00~alternate set of case study exercises 2006

00~alternate set of case study exercises 2006 - Chapter 1...

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Chapter 1 (Diana Franklin) 2 Chapter 2 (Robert P. Colwell) 9 Chapter 3 (Wen-mei W. Hwu and John W. Sias) 18 Chapter 4 (David A. Wood) 25 Chapter 5 (Norman P. Jouppi) 46 Chapter 6 (Andrea C. Arpaci-Dusseau and Remzi H. Arpaci-Dusseau) 57
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Case Studies with Alternate Exercises
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2 n Case Studies with Alternate Exercises Case Study 1: Chip Fabrication Cost Concepts illustrated by this case study n Fabrication Cost n Fabrication Yield n Defect Tolerance through Redundancy There are many factors involved in the price of a computer chip. New, smaller technology gives a boost in performance and a drop in required chip area. In the smaller technology, one can either keep the small area or place more hardware on the chip in order to get more functionality. In this case study, we explore how dif- ferent design decisions involving fabrication technology, area, and redundancy affect the cost of chips. 1.1 [10/Discussion] <1.6> Figure 1.22 gives the relevant chip statistics that in±uence the cost of several current chips. In the next few exercises, you will be exploring the effect of different possible design decisions for the IBM Power5. a. [10] <1.6> What is the yield for the IBM Power5? b. [Discussion] <1.6> Why does the IBM Power5 have a lower defect rate than the Niagara and Opteron? 1.2 [20/20/10/20] <1.6> It costs $1 billion to build a new fabrication facility. You will be selling a range of chips from that factory, and you need to decide how much capacity to dedicate to each chip. Your Woods chip will be 150 mm 2 and will make a pro²t of $20 per defect-free chip. Your Markon chip will be 250 mm 2 and will make a pro²t of $25 per defect-free chip. Your fabrication facility will be identical to that for the Power5. Each wafer has a 300 mm diameter. a. [20] <1.6> How much pro²t do you make on each wafer of Woods chip? [20] <1.6> How much pro²t do you make on each wafer of Markon chip? c. [10] <1.6> Which chip should you produce in this facility? d. [20] <1.6> If your demand is 50,000 Woods chips per month and 25,000 Markon chips per month, and your facility can fabricate 150 wafers a month, how many wafers should you make of each chip? Chip Die size (mm 2 ) Estimated defect rate (per cm 2 ) Manufacturing size (nm) Transistors (millions) IBM Power5 389 .30 130 276 Sun Niagara 380 .75 90 279 AMD Opteron 199 .75 90 233 Figure 1.22 Manufacturing cost factors for several modern processors. α = 4. Chapter 1 Case Studies with Alternate Exercises by Diana Franklin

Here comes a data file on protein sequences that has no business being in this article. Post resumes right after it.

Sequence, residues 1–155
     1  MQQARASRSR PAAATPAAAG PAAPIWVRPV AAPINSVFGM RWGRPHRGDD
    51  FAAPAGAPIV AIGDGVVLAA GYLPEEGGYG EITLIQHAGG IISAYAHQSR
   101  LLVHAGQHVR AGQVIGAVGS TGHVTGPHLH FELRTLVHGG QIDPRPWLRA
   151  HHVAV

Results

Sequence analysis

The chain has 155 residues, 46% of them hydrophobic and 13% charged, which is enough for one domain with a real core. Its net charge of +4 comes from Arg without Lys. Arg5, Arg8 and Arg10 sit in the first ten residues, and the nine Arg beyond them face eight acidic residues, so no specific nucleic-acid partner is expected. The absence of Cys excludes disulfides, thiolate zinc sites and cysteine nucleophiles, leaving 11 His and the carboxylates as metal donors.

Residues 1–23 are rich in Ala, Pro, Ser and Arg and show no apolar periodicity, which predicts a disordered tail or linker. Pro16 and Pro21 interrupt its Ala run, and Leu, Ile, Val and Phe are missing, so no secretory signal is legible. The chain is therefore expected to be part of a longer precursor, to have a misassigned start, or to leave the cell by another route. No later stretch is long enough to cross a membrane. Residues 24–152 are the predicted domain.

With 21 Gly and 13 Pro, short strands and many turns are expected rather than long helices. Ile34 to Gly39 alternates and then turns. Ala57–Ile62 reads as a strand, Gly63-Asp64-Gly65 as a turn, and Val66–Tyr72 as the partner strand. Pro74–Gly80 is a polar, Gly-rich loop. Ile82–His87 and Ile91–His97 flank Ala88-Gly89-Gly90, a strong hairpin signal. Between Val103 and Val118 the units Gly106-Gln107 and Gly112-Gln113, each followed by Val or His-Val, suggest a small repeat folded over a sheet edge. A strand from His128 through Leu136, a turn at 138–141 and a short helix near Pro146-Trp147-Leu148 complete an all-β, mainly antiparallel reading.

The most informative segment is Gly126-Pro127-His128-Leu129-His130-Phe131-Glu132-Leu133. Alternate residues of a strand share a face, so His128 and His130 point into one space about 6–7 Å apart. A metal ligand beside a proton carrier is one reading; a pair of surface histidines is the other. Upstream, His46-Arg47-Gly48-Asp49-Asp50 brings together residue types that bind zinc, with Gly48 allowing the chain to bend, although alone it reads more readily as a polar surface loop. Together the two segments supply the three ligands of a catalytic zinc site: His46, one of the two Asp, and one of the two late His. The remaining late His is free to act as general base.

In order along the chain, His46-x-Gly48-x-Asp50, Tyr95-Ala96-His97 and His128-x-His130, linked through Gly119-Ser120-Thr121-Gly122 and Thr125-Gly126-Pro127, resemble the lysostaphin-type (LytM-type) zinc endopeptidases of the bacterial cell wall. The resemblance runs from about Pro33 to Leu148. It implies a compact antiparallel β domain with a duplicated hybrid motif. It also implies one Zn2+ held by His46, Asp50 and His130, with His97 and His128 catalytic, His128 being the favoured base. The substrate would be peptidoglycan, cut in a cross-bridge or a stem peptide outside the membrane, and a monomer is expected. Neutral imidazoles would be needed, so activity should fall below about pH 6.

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Chapter 1 Case Studies with Alternate Exercises by Diana Franklin n 3 1.3 [20/20] <1.6> Your colleague at AMD suggests that, since the yield is so poor, you might make chips cheaper if you placed an extra core on the die and only threw out chips on which both processors had failed. We will solve this exercise by viewing the yield as a probability of no defects occurring in a certain area given the defect rate. Calculate probabilities based on each Opteron core sepa- rately (this may not be entirely accurate, since the yield equation is based on empirical evidence rather than a mathematical calculation relating the probabili- ties of ±nding errors in different portions of the chip).
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00~alternate set of case study exercises 2006 - Chapter 1...

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